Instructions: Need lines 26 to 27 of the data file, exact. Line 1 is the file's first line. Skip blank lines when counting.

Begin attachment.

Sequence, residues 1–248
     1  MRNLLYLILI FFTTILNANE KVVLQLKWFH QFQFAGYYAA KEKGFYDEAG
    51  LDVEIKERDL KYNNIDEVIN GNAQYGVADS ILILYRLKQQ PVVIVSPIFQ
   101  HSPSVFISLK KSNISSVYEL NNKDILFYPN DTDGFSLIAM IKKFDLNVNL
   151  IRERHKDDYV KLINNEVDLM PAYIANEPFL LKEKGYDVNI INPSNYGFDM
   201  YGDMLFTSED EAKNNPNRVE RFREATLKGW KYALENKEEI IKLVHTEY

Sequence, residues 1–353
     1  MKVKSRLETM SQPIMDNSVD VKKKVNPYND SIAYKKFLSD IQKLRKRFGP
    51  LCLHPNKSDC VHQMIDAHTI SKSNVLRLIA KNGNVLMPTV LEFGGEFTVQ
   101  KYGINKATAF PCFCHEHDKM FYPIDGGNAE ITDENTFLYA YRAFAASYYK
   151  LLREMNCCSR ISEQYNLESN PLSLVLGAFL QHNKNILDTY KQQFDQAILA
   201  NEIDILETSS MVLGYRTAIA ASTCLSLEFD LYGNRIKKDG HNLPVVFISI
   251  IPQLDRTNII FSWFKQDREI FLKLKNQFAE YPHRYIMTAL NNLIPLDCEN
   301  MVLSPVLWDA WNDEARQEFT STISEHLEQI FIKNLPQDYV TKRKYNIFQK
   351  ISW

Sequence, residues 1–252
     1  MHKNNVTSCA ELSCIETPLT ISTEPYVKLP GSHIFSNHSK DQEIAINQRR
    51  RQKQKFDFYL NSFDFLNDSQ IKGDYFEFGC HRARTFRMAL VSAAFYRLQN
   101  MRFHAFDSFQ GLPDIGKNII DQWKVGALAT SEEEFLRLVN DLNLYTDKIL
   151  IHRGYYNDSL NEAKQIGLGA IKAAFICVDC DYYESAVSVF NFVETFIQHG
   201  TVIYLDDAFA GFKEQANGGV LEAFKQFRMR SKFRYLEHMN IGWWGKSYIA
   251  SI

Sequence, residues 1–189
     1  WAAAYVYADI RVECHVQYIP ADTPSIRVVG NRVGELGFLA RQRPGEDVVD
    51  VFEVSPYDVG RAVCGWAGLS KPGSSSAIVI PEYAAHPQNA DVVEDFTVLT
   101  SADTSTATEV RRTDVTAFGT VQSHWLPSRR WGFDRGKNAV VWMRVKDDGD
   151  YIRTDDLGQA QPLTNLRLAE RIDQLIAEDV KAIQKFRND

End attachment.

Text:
   101  SADTSTATEV RRTDVTAFGT VQSHWLPSRR WGFDRGKNAV VWMRVKDDGD
   151  YIRTDDLGQA QPLTNLRLAE RIDQLIAEDV KAIQKFRND